Minnesota roundup: Brainerd day care center license revoked after child found wandering; Dayton vetoes co-op bill
BRAINERD, Minn.—Minnesota officials have revoked the license of a home daycare in Brainerd after a 3-year-old wandered away and was not reported missing for an hour.
The Minnesota Department of Human Services revoked the license of Susan Caird after finding her responsible for child neglect in the incident. Caird is the owner of Krafty Kids Kare, according to the Minnesota Secretary of State.
An order of revocation drafted Friday by DHS details an Oct. 4 incident, when the Brainerd Police Department received a call reporting a small child was walking alone in southeast Brainerd. Officers responded at 4:47 p.m. to the 1300 block of South Eighth Street, where they met with a community member who'd noticed the child and called police. That location is more than one-quarter of a mile away from the day care.
Unsure where the child belonged, the officers brought the 3-year-old back to the police station. At 5:45 p.m., nearly an hour after the child was found by police, Caird called to report the child missing. This was five minutes after the day care provider called the child's parents, the order addressed to Caird stated.
Customs officials say Canadian woman had drugs stashed inside her
WARROAD, Minn. — A Canadian woman who was detained at a Minnesota port of entry Sunday, March 19, had a half-ounce of marijuana stashed inside her, U.S. Customs and Border Protection officers said.
CBP officials say a 26-year-old woman from Big Island, Ont., was crossing into the U.S. at the Warroad with two other Canadian citizens when the car was selected for a secondary inspection.
The woman's name was not released by CBP.
When officers were searching the vehicle, they reported to a strong odor of marijuana. During questioning, CBP says the woman admitted to having concealed marijuana in a body cavity to cross the border. The woman was transported to a medical clinic where a package containing 13 grams of marijuana was removed from her body.
She was issued a citation for possession of marijuana by the Roseau County Sheriff's Office, the CBP said. In Minnesota, marijuana possession up to 42.5 grams is a misdemeanor punishable by a $200 fine.
Report: Woman who died in jail died of natural causes
MOORHEAD—A 19-year-old woman who died Nov. 3 after experiencing a medical emergency at the Clay County Jail died from acute bronchopneumonia, according to information contained in the death certificate for Abby Lee Rudolph of Fargo.
The death certificate, on file with the Minnesota Department of Health's Office of Vital Records, lists the manner of Rudolph's death as natural and indicates neither injury nor trauma contributed to her death.
Bronchopneumonia is a medical condition affecting the lungs.
Clay County Sheriff Bill Bergquist said in November that Rudolph experienced a medical emergency the afternoon of Nov. 3.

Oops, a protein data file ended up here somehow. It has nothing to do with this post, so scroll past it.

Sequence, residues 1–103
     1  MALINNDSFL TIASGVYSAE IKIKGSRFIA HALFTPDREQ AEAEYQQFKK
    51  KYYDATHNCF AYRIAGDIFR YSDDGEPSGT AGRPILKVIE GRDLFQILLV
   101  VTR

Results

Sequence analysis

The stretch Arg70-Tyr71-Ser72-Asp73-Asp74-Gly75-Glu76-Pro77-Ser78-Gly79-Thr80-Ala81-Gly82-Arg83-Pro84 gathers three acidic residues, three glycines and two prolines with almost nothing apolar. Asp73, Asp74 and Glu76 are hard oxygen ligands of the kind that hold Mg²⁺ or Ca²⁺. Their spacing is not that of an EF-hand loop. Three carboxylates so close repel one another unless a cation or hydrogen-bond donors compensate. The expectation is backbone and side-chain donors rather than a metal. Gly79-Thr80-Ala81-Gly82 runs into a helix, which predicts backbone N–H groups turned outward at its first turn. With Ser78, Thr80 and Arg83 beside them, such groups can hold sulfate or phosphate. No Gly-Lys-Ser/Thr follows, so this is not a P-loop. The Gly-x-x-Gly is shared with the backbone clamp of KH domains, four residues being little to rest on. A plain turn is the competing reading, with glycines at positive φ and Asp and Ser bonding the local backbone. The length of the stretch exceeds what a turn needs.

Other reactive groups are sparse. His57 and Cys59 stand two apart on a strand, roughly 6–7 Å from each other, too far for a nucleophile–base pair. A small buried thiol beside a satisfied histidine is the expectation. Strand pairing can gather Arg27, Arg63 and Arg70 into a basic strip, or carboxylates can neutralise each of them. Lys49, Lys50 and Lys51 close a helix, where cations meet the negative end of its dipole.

"She was getting ill, so we called an ambulance," Bergquist said.
When the Sheriff's Office was asked about Rudolph's death on Tuesday, March 21, questions were referred to the Twin Cities offices of an attorney representing the county's insurance company.
Man who took truck from impound lot faces charges
MOORHEAD, Minn. — A man accused by Dilworth police of taking a truck out of an impound lot in Moorhead has been been charged in Clay County District Court with possessing illegal drugs in connection with a search of the truck.
Matthew K. Krebs, 34, whose address in court documents is listed as Breckenridge, faces four counts of possessing controlled substances, including one count of fourth-degree possession of phencyclidine, an hallucinogen.
The truck was seized pending civil forfeiture hearings and Krebs later stole the truck from a Moorhead impound lot where it was being held, according to the court documents, which added that charges are expected to be filed in connection with the taking of the truck from the impound lot.
An arrest warrant was issued in conjunction with the drug charges Krebs faces.
In a phone interview conducted after the truck was taken from the impound lot, Krebs maintained that the seizure and search of his leased vehicle were unlawful and he believed he had done nothing wrong.
Dayton vetoes co-op bill
ST. PAUL—Gov. Mark Dayton has vetoed a bill written to drop electrical cooperatives and municipal utilities from Minnesota Public Utilities Commission oversight.
The governor said the bill, written by Rep. Dave Baker, R-Willmar, would eliminate protections Minnesotans enjoy when the PUC regulates their electric operations.
"I have heard from many Minnesotans in opposition to this bill," Dayton wrote in his veto letter.
The governor told of a farmer who could not settle a dispute with his cooperative, but once the PUC got involved it was resolved.
He also told about Archer Daniels Midland Co. going to the PUC when its municipal utility was charging more than 300 percent what others bill for standby electric service. If the bill became law, Dayton said, ADM may have moved its facility elsewhere.
The legislation also contained a provision that solar energy advocates said would slow the energy source's expansion.
"This legislation would create uncertainty for all municipal and cooperative electric utility customers seeking to produce their own renewable and efficient energy," Dayton said. "It could impact economic development in greater Minnesota, and the thousands of jobs in renewable energy in our state."